Suitable for dogs.
Treatment of intestinal worms, most mites, some lice, which includes mange.
Not effective for elimination of ticks, flies, flukes, or fleas.
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For treatment of intestinal worms, mostly mites, some lice, also include mange. The medicine is not effective in the elimination of ticks, flies, flukes, or fleas. Because the eggs & larvae on the floor will mature and come back to the host.Effective against larval heartworms, but not for adult heartworms, though it may shorten their lifespan. The dose of the medicine must be very accurately measured, due to it's highly toxic in over-dosage.
Sometimes administered with the combination of other medications to treat a broad spectrum of animal parasites. Some dog breeds (like especially the Rough Collie, the Smooth Collie, the Shetland Sheepdog, and the Australian Shepherd), although have a high incidence of a certain mutation within the MDR1 gene; the affected animals are particularly sensitive to the toxic effects of Ivermectin. Clinical evidence suggests kittens are susceptible to Ivermectin toxicity.
Side effects in dogs: In some dogs, it has dangerous side effects like brain & nervous system, the liver. For the subsequent reason, some vets prescribe a liver protector, like Liv-52, to provide with the Neomec. There is a test to see if an individual animal has the gene mutation. For some dog breeds have a high incidence of adverse reaction. The risk of side effects associated with ivermectin depends on the dosage & on the susceptibility of the individual dog, and on the presence of a larval form of the heartworm.
When using for the low dose of heartworm prevention in a dog for free of heartworms, it is relatively safe. At higher doses which can be used for treat other parasitic infections, the risk of side effects increases.
Some potential side effects include: Vomiting, dilated pupils, muscle, tremors, blindness, incoordination, lethargy, lack of appetite, dehydration.
When used in a dog infected with heartworms, a shock-like reaction is believed to cause by dying microfilaria can occur. This type of reaction may be accompanied by lethargy, low body temperature, and vomiting. For dogs testing positive for heartworms are to be observed closely, at least 8 hours following the administration of it.
Sensitivity in Collies and Similar Breeds: Neurotoxicity can also occur with ivermectin usage in some dogs. It is particularly common in dogs which have a genetic mutation known as the MDR1, gene mutation. The gene mutation is known to occur most commonly in breeds like - Collies, Australian Shepherds, Shelties, Long-haired Whippets and other breeds with white feet.
Symptoms of neurotoxicity include incoordination, muscle tremors, seizures, blindness, and death. Used at dosages for heartworm prevention is generally safe for these dogs. However, the drug should be used at higher doses for dogs that may possess the MDR1 gene mutation. A test can be performed to check for the gene mutation.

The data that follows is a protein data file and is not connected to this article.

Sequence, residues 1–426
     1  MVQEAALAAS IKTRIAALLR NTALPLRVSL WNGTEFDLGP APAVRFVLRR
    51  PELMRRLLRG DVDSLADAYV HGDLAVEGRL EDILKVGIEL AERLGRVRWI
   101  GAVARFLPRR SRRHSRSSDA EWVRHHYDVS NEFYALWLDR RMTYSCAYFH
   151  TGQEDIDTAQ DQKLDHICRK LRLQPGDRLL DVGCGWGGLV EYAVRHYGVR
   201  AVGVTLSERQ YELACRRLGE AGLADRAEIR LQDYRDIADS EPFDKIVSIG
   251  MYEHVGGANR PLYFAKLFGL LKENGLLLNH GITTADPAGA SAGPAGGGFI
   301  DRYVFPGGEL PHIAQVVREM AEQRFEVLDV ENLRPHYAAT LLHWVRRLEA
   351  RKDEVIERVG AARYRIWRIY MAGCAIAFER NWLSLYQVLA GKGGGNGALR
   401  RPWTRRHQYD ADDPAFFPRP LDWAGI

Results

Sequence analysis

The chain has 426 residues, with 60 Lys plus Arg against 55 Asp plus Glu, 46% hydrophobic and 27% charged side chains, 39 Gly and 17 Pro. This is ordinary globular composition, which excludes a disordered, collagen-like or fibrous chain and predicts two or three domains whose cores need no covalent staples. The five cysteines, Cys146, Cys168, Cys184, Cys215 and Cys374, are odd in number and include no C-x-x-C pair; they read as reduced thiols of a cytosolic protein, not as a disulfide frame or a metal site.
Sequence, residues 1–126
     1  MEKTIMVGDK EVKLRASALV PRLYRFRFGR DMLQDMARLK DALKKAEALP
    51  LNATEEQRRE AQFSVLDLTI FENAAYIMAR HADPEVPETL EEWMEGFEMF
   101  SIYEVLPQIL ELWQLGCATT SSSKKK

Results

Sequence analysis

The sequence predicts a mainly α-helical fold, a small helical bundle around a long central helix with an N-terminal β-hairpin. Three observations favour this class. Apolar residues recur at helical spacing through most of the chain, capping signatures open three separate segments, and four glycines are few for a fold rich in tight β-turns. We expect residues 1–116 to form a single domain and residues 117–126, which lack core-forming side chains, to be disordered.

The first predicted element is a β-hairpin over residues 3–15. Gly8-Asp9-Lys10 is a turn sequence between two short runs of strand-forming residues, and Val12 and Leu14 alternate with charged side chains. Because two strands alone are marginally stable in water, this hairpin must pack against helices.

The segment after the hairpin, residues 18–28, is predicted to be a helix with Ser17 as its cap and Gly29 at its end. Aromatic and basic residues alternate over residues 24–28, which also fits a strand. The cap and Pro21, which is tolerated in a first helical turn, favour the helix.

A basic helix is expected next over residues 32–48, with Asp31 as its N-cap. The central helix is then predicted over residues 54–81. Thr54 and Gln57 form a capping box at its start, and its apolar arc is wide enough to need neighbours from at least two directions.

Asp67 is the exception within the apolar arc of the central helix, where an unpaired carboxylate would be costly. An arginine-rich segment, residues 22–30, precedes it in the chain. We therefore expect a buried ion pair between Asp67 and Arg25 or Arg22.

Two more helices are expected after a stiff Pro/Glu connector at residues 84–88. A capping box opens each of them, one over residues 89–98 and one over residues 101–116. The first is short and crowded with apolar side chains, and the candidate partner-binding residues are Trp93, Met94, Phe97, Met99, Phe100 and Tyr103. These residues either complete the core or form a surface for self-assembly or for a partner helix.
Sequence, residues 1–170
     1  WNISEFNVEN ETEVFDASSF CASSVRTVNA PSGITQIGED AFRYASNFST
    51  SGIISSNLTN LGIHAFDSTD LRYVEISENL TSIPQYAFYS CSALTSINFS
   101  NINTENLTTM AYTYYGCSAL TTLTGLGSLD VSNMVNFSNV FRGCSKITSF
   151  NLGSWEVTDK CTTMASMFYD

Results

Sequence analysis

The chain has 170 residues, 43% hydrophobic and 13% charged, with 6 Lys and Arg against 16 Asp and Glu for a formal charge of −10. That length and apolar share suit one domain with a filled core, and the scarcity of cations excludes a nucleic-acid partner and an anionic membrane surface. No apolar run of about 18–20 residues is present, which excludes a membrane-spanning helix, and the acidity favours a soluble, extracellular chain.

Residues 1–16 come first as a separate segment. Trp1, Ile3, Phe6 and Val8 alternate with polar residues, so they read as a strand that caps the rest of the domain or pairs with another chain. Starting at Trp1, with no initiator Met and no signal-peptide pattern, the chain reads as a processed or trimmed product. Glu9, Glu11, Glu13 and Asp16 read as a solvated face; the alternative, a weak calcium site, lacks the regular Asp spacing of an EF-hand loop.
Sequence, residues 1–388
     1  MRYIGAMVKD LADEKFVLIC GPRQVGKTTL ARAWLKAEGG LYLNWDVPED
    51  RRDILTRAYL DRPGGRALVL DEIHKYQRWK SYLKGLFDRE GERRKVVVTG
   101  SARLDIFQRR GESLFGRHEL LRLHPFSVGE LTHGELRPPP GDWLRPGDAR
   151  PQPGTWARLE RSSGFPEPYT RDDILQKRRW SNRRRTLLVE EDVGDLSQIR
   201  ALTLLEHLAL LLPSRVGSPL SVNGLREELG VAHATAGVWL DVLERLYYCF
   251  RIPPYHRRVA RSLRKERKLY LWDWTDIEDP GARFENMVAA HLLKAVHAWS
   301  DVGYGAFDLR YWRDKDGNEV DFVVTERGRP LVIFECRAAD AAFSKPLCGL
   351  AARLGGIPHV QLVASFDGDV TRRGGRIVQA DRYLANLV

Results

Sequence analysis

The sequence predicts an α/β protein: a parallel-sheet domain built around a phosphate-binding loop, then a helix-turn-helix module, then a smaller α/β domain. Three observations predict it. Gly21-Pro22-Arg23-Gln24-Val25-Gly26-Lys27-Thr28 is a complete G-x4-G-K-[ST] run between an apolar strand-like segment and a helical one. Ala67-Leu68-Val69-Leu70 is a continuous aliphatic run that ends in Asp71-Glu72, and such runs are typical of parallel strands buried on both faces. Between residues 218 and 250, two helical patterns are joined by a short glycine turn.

Side Effects in cats: They have a fair high margin of safety. Known side effects include:
If your cat is receiving ivermectin and notice these types of symptoms, stop using the medicine & contact the vet.
Vet instructions to use the medicine in a safe way :
For heartworm prevention: 6 ug/kg
For treatment of sarcoptic mange: 300 ug/kg
For treatment of demodectic mange: 400-600 ug/kg
In general, non-sensitive breeds are to be exposed to more than 2,000 ug/kg before for the significant symptoms to develop & to the potentiality of toxic dose for MDR1 positive individuals can be as less as 100 ug/kg. Note that the incredibly low dose used for heartworm prevention is well below the toxic dose even for the most sensitive dogs. Before giving higher doses, the risk to dogs had to be tested for the MDR1 gene mutation. This is especially important for breeds like Collies, Shetland Sheepdogs, Australian Shepherds, Old English Sheepdogs, English Shepherds, German Shepherds, Long-haired Whippets, Silken Windhounds, and mutts which might be derived from these breeds.
Animals can be administered through oral or topical exposures as well as in injections. The symptoms arise when the drug is present in the body at high enough concentrations that cross the blood-brain barrier & adversely affects neurologic function. Some typical signs include: dilated pupils,unsteadiness when walking,mental dullness,drooling,vomiting,blindness,tremors,seizures,coma.
Treatment for an overdose of ivermectin is essentially symptomatic and supportive. If the poison is caught early enough, decontamination is helpful. Intravenous fluid therapy, endotracheal intubation, mechanical ventilation, extensive nursing care, seizure control, application of eye lubricants if the pet can't blink, also nutritional support may be necessary. In some cases, intravenous lipid emulsion therapy, which is a new technique but promising option for certain types of poisoning, might be worth considering.
A pet’s prognosis can be quite good if aggressive treatment is initiated in a timely manner, but because severe cases of ivermectin overdose often require several weeks of therapy, the expense is often prohibitive as was the unfortunate case with my clients who chose to euthanize the last puppy in what had been their much-anticipated litter.
To treat mange:
Neomec (Ivermectin) is poisonous and dangerous in the wrong dosage. Don’t kill your dog by giving it the wrong dose.
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